The National Labor Relations Board last week resumed its effort to permit accelerated elections long sought by organized labor to limit the ability of employers to respond to union organizing efforts.
The NLRB issued a notice of proposed rulemaking Tuesday on an initiative that would curtail employers’ ability to appeal eligibility and other issues prior to a union representation election. A federal court invalidated an earlier NLRB attempt to issue a “quickie election” rule because the agency lacked a quorum when it approved the regulation.
AIM was among several business groups nationally to have brought that court action.
Abbreviated union elections place employers at a disadvantage because most don’t find out about a union campaign until it is well under way- frequently when the union has more than 75 percent of the potential unit employees signed up. Short elections provide insufficient time for a company to combat potential misrepresentations that the union has been able to make without the opportunity for an opposing view.
Among other changes, the proposed rule:
- Eliminates the current requirement that a union representation vote cannot be held sooner than 25 days after the NLRB’s regional director issues a Direction of Election.
- Requires that unions be given employee email addresses and telephone numbers prior to the election. Currently, the union receives a list of eligible voters from the employer prior to the election. The list contains employees' full names and home addresses, but not their email addresses and telephone numbers.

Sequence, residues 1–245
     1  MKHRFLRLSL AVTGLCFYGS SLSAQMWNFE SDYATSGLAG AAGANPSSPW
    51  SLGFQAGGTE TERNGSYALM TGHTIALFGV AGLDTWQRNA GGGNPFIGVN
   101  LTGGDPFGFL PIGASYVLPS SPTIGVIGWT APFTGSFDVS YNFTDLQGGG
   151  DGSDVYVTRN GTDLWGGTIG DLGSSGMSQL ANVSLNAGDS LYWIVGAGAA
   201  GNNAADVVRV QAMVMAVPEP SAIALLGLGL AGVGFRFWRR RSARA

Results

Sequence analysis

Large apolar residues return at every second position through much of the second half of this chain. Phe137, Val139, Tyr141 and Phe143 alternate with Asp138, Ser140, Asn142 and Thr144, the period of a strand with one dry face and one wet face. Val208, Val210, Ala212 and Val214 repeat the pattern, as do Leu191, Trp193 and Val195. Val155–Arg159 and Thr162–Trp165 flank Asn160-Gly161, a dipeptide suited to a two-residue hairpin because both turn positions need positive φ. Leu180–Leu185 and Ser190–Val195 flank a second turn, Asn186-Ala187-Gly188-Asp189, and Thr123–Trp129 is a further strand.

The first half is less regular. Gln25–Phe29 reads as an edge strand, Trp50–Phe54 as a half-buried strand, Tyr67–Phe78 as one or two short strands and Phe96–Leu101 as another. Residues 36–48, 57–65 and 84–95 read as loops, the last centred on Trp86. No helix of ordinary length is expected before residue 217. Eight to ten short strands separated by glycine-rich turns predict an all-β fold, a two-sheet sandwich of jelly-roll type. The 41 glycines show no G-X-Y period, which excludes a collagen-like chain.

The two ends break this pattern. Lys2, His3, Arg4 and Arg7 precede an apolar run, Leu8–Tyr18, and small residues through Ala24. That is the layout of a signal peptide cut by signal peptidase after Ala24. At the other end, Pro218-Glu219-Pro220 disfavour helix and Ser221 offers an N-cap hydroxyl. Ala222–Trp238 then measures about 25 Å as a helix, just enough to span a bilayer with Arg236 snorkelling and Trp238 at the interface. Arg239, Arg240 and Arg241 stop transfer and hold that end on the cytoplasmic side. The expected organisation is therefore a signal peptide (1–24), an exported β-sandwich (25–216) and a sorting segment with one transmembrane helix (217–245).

Analysts believe the rule could shrink the average time from union petition to election from the current 38 days to as few as 10 days. The change comes despite the fact that the NLRB has met or exceeded its own goals during the past decade for the time it takes to conduct an election.
Unions have been successful in approximately two-thirds of representation elections during the past two years and that success rate is certain to improve with a compressed election schedule. Unions are also likely to target small employers that were previously uneconomical to organize.
Associated Industries of Massachusetts encourages employers to express their opposition to the proposed rule changes in one of several ways:
- Contact your federal representatives and to express your displeasure.
- Send your comments on the proposed rulemaking to http://www.regulations.gov. (Search for the proposed rule using Docket ID No. NLRB-2011-0002 and follow the instructions for comments.)
- Send your comments to Gary Shinners, Executive Secretary, National Labor Relations Board, 1099 14th Street NW, Washington, DC 20570.
AIM also urges employers to address the conditions that invite unions into your company and focus on making a union unnecessary.
- Training supervisors, managers and senior teams to recognize and fix problems before they become prominent features of your company’s culture.
- Creating a positive work environment that responds to issues and doesn’t ignore them.
- Dealing with those problem supervisors and managers who undercut your culture.
- Training your management team at all levels to recognize the behavioral and group changes that occur during a union drive while it is still underground.
- Fixing what you already know ails your organization.
- Training you management team, from top to bottom, in what they can and cannot say when discussing unions and employees right to organize.
AIM can provide your organization guidance and training in each of these issues. Contact Gary MacDonald at 617.488.8348, email@example.com for details.